By Bill Landauer

The Williams Arts Campus has won this year’s best redevelopment project award from the Lehigh Valley Planning Commission. The annual award celebrates planning and development achievements in Lehigh and Northampton counties.

“This award is an honor not only for Lafayette, but for the community of Easton and the entire Lehigh Valley, who helped make it happen,” says President Alison Byerly. “The Williams Arts Campus has transformed a set of empty buildings into a vibrant gateway between Lafayette and the city. It provides exciting academic and cultural opportunities for our students and for local residents. It contributes to the thriving arts scene that is such an important part of Easton’s success. ”

The project, encompassing several buildings and most of a city block, is the result of years of redevelopment work at the base of College Hill on North Third Street in Easton. Today,  Williams Arts Campus is the primary gateway between Lafayette’s main campus and the city’s downtown.

“The vision for the campus is to be a hub of creative interaction, where students and local residents can take classes, view films, visit exhibits, and attend shows,” says Roger Demareski, vice president for finance and administration. “The facilities at the arts campus increased the College’s space for the arts by almost 50 percent.”

It began in 2001, when Lafayette converted the Hoffman Motors building into the Williams Visual Arts Building. The facility includes space for painting, sculpture, and drawing studios for faculty and students. The massive brick structure houses both classrooms and the Grossman Gallery, which hosts exhibitions by visiting and regional artists and high school students, in addition to Lafayette faculty and students.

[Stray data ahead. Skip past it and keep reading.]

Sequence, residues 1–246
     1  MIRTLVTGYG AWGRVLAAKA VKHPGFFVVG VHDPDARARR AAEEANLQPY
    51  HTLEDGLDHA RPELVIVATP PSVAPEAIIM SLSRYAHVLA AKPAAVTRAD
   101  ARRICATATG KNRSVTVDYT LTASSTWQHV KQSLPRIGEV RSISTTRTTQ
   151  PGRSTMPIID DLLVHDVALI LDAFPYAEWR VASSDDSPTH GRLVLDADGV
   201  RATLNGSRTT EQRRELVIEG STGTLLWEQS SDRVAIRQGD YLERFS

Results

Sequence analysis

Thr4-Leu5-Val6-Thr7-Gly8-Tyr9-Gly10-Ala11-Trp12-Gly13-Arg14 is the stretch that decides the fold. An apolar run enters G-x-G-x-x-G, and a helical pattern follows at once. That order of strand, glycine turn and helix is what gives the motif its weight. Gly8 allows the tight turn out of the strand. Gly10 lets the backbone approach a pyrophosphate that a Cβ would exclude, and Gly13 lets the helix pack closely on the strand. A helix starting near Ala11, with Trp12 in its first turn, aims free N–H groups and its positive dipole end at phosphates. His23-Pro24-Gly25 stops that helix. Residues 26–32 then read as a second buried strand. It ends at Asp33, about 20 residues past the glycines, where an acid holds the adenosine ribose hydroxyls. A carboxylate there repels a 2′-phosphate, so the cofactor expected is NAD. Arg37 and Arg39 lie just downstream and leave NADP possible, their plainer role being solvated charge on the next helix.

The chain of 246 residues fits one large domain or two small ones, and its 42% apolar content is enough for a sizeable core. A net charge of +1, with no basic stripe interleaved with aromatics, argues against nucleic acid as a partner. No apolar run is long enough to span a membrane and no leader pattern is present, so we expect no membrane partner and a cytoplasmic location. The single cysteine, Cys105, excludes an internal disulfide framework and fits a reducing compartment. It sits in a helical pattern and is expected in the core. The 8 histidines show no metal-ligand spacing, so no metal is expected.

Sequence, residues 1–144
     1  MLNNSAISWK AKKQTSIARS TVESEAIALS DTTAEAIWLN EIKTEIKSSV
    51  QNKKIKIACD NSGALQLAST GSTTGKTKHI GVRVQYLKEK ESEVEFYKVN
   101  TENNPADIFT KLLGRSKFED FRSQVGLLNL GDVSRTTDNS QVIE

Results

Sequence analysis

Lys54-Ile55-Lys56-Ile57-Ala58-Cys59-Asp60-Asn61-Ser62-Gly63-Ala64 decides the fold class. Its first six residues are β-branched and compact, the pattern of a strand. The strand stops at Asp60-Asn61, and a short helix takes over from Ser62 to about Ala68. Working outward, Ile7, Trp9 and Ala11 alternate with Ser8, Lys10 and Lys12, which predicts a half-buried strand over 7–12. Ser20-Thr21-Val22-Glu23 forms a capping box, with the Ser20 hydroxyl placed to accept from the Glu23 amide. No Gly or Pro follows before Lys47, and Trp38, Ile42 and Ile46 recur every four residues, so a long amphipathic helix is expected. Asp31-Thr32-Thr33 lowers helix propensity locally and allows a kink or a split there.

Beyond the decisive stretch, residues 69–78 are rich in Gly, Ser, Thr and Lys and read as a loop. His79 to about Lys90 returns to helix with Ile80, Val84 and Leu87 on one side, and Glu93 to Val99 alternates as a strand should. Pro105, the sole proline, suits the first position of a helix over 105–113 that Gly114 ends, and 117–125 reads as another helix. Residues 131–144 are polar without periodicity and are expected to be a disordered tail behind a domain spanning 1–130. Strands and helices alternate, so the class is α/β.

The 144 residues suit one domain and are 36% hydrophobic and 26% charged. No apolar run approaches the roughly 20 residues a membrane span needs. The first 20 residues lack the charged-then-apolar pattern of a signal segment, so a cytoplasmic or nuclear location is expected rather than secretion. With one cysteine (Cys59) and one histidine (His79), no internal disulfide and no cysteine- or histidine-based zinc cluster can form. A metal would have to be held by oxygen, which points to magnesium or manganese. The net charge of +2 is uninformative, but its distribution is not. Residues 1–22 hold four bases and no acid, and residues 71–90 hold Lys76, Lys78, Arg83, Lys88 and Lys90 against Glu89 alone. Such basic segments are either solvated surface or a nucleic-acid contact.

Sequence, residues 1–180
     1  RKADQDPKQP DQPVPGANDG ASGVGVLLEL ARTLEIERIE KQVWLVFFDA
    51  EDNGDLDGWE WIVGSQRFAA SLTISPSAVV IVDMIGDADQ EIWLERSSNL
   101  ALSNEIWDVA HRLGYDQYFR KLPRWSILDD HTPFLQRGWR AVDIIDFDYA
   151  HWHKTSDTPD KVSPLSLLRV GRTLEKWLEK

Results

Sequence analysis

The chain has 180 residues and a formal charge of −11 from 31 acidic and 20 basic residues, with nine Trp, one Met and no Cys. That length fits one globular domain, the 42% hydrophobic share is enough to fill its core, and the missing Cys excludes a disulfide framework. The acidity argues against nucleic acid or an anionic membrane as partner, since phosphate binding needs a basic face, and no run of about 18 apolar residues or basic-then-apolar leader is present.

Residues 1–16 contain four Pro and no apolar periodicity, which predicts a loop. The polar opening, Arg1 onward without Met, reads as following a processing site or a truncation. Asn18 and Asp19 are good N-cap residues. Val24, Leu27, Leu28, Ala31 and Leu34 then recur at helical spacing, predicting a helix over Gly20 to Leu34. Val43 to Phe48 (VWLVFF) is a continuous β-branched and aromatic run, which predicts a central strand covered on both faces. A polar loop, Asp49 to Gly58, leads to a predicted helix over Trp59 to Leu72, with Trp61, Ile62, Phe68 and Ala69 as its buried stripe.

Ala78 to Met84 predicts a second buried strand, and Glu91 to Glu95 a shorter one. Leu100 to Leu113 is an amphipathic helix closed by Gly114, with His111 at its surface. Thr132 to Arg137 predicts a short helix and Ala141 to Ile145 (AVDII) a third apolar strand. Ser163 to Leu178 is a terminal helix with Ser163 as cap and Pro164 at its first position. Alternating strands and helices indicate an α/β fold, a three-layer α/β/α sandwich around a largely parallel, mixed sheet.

Nine years later, Lafayette announced a plan to expand the site into the Williams Arts Campus, which was completed in 2016 at a cost of more than $24 million. By converting the former Club Mohican and Case’s Tire buildings on North Third Street and razing structures to construct Buck Hall on Snyder Street, the College created an arts campus that serves as a vibrant gateway to Lafayette and as an attraction for Easton residents and visitors.

Williams Arts Campus includes studios for theater for films, a sound stage, a black box theater, and media and teaching labs.

The Lehigh Valley Planning Commission was formed by Lehigh and Northampton counties in 1961 to create a comprehensive plan to guide orderly growth. It provides planning services to the counties and 62 municipalities in the Lehigh Valley.

1 Comment

  1. Richard Richard J. Piatt, Class of '91 says:

    Congratulations on this achievement in physical development. I hope this translates into greater and continued financial and staffing support for the arts students, faculty, and staff. Lafayette could join the “big leagues” of schools who produce the artistic visionaries of the future, but only if the institutional support allows for it to happen.

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